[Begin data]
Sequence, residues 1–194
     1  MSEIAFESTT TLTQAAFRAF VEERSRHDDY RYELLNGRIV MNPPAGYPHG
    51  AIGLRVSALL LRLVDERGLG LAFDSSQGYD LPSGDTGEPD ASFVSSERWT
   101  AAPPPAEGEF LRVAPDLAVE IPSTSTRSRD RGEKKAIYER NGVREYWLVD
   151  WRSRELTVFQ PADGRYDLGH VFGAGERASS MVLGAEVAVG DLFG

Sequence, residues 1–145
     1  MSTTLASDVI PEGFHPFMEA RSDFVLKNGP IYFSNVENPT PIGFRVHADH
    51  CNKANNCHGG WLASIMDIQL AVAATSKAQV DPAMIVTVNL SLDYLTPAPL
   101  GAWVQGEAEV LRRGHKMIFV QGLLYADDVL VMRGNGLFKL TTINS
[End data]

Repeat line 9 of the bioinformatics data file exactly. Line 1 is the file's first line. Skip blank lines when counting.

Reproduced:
   101  GAWVQGEAEV LRRGHKMIFV QGLLYADDVL VMRGNGLFKL TTINS